The Garden of Bonnie and Harold Busson
White Bear Lake, Minnesota
   Over the past 33 years, Bonnie and Harold Busson have battled stubborn clay and rocks to create a woodland wonderland. River birch, pagoda dogwood, Kentucky Coffee tree, and tall evergreens provide the backdrop for the couple's more than 1,500 hostas. Bonnie and Harold estimate their collection includes at least 500 varieties. In the spring, the property is covered with wildflowers and ephemerals, followed by masses of colorful perennials and companion plants interspersed with hostas. 
   A grove of stately trees, boasting five different kinds of oak, stands sentinel on the property. At the side of the house, a prolific vegetable garden thrives in raised boxes.

Bonnie and Harold Busson

   Walkways of brick pavers, designed and built by the Bussons' son, go to the front and back entry. Turfgrass sets off other gardens. Wandering the pathways, one might notice the many rocks ringing the gardens. Each of these rocks was in the ground before the garden began. Tremendous effort went into the creation of all this beauty. "It can take an hour or more to dig a hole for a new hosta", Bonnie says. It is obvious that this lovely countryside garden has been a labor of love. ..........

Garden Tour Photos

My Visit: June Colley
Lindford, Hampshire, England

   The garden at the home of Bonnie and Harold Busson is set in a country woodland under canopies of magnificent native trees, including dogwood, birch, and statuesque evergreens. The genus Quercus (oak) is very well represented, and a large number of hostas are grouped in beds under their spreading canopies. The tranquil garden setting invites the visitor to explore along the many pathways that are home to some 1500 hostas and a wide variety of endemic flora.
   As we entered the expansive lawn in the front garden, we were drawn to a bed of predominantly gold-colour hostas growing under three large oak trees. Here are found some handsome clumps of Hosta 'Sum and Substance', 'Gold Standard', and 'Maui Buttercups'.  Nearby is a long and narrow bed sheltered by a row of stately oak trees. The colourful mix of hostas and variety of textures they display delight the senses.  A clump of 'Abba Dabba Do' stands proudly, and a healthy clump of 'Blue Mouse Ears' [1] in bud hugs a protective-looking boulder.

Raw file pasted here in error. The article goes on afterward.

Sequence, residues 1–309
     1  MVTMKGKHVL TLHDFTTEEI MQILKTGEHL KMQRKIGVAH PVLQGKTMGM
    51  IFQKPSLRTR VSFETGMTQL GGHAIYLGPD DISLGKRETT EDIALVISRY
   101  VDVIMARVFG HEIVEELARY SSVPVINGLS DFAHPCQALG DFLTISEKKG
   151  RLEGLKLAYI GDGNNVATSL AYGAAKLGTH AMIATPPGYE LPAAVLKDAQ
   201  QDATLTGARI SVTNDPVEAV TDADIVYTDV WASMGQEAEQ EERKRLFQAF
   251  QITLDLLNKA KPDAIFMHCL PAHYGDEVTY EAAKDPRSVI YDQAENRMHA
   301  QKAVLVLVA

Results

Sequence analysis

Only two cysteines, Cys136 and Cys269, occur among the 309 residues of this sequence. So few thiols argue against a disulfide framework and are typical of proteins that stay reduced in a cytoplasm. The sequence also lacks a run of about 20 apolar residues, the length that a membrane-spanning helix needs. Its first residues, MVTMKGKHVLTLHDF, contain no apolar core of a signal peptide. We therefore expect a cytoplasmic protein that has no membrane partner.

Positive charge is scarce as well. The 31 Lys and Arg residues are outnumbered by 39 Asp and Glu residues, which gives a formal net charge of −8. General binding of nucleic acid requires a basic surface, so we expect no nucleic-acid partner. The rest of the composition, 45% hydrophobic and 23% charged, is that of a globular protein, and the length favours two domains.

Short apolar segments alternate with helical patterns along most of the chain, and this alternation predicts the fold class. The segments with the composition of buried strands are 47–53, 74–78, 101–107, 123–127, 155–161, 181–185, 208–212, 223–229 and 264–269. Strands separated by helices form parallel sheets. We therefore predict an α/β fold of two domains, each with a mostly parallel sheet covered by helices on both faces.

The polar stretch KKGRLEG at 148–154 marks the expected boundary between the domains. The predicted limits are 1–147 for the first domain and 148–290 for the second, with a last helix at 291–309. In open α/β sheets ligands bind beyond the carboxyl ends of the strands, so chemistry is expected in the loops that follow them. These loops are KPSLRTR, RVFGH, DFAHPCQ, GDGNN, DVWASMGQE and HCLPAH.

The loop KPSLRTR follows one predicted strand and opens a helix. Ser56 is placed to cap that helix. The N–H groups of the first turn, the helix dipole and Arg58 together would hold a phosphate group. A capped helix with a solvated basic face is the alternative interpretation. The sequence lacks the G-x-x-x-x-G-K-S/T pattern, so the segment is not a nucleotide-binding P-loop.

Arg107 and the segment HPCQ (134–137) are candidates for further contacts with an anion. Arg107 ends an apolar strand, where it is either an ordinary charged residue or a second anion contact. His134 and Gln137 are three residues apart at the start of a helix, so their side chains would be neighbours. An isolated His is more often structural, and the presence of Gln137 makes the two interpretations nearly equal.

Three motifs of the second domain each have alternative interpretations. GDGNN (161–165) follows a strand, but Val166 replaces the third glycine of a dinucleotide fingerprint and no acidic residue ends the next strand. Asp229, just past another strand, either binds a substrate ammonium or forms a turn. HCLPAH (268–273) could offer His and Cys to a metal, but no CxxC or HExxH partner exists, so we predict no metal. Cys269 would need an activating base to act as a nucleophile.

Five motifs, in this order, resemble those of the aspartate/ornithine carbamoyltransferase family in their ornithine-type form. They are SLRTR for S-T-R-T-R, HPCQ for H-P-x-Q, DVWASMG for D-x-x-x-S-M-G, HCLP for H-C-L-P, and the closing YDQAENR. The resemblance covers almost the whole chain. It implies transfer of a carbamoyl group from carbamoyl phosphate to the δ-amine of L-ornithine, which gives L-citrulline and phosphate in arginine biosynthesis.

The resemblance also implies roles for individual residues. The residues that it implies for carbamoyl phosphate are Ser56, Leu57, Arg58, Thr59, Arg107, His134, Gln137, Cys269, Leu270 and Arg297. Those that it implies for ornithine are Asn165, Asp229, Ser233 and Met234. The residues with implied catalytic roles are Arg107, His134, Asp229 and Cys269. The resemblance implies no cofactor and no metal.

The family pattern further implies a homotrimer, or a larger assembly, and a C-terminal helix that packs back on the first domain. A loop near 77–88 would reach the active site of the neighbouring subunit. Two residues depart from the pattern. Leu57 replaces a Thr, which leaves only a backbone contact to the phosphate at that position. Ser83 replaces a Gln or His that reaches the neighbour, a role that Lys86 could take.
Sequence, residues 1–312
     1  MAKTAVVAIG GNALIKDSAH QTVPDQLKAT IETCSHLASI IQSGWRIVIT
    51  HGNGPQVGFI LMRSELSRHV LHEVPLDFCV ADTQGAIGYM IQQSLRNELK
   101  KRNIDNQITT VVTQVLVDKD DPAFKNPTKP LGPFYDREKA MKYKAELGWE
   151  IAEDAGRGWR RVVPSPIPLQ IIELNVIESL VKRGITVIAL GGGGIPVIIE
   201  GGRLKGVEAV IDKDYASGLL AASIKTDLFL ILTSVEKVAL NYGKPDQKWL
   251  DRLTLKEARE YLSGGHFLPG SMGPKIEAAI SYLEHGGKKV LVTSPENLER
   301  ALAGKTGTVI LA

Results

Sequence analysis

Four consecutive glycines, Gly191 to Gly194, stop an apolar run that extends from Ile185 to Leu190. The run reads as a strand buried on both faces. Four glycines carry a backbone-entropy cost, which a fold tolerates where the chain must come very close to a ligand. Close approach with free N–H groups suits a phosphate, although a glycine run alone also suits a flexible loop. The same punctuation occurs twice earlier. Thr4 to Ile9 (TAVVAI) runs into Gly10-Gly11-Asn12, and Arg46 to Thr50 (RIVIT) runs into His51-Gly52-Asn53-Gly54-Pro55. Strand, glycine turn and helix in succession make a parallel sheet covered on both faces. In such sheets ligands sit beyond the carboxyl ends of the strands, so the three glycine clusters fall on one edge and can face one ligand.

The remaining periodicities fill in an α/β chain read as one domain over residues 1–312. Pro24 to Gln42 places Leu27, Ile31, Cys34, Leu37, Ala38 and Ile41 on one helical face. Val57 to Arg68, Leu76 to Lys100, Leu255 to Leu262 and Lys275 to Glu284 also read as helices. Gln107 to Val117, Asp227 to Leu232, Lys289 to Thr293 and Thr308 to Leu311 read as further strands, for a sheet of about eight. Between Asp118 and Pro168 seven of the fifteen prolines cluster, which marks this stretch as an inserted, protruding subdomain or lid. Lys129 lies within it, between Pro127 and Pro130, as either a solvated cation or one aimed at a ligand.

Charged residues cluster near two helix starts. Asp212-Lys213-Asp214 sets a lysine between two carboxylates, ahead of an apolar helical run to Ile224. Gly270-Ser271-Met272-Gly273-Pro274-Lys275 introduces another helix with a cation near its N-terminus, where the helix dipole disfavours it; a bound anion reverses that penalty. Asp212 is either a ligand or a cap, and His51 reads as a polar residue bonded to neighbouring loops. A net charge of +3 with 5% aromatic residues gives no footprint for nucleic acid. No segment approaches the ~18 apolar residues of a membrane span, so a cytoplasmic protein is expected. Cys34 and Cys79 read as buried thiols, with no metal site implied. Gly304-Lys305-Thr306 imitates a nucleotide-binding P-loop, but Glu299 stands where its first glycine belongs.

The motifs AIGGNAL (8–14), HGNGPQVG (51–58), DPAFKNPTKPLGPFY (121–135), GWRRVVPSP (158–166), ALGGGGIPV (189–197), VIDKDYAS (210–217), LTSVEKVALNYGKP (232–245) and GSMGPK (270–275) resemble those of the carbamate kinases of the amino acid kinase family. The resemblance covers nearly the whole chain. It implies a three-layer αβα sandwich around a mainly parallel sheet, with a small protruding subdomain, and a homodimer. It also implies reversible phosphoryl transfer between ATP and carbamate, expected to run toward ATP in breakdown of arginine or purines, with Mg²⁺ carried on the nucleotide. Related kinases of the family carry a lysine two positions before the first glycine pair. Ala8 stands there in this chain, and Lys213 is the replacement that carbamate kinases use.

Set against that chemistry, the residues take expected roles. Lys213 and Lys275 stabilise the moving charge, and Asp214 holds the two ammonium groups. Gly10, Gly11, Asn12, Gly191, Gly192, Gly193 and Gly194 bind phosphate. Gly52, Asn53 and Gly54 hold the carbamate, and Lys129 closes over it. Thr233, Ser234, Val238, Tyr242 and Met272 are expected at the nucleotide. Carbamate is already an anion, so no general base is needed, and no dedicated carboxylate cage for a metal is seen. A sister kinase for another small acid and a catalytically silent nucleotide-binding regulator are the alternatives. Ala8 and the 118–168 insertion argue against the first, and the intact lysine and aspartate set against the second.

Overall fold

The Bussons have been continually digging up boulders and rocks from what was once considered an untamed landscape. Digging a hole for a hosta is no mean feat in the Minnesota outcrop, but it has not deterred the Bussons from adding more hosta to their collection. Many areas in the garden are accentuated by large boulders and stones collected over many years of laborious excavation and these are used to line the pathways.

   A very large bed to the left of the garden is bordered by silver brunneras and dense clumps of the tough ground cover Aegopodium. One can relax in the wrought iron seat [2] and admire pristine specimens of  'Blue Plate Special' , 'Risky Business’,  'Striptease', and dozens of other hostas.
   As you turn the corner, a columnar birdbath is the centrepiece to a semi-formal garden setting, which is surrounded by multiple clumps of classic hostas including 'Gold Standard', 'Regal Splendor', and 'Golden Tiara'.
   Suddenly, from the verdant lawns and beds, you come to an undulating pathway covered with bright orange wood chippings that leads to the edge of the woodland. There are seats dotted around so you can sit and enjoy the kaleidoscope of colours, featuring dozens of native plants, including campanulas, daisies, violets, arisaemas, and swathes of subtle coloured astilbes.[3]
   Attractive brick pathways lead to the extensive woodland garden behind the house, and at every turn we were surprised by more groups of hostas, ferns, daylilies and ground cover plants.[4] Hydrangea 'Annabelle' was in full bloom and spilling out onto the path with a medley of hostas, including Hosta 'Dark Star', 'Party Favor', 'Sea Gulf Stream', and  'Raspberry Sorbet' to catch the eye. 
   We note at the back and front of the house repeated waves of H. 'Undulata Albomarginata', H. 'Undulata Erromena', 'Gold Standard', and ‘Lancifolia’ and H. sieboldiana types. These classic hostas have proven to stand the test of time and have been used effectively in this woodland setting. They will continue where early flowering species have long gone and keep the garden luxuriant through to late summer.
   Small and miniature hostas also have their place, with spreading mounds of 'Pandora's Box', 'Lemon Lime',  'Tiny Tears',  'Bojangles', 'Yellow Boa', and 'Limey Lisa'.  A small pond, with two large ceramic toads on guard, [5] reflects the tree canopy, and several raised beds at the sunny side of the house harbour productive vegetable plots.
   Garden objects and statuary add excitement to the garden.  Stone faces peer out of the bed [6] of  'Honeybells' to smile unexpectedly at the visitor.  Little angels, pixies, and a small deer nestle in the foliage, while other much larger stones rise from the landscape.  We realized that this beautiful garden has been created with incredible effort out of a rugged and stony forest floor. There is plenty of room for expansion and, no doubt, the Bussons and their son will continue to cultivate this woodland, indulging in their passion for gardening.
   Bonnie and Harold have created and given their love and care to this garden for over 33 years.  It is to their credit that it has become a wonderful countryside garden, a perfect woodland wonderland.

 

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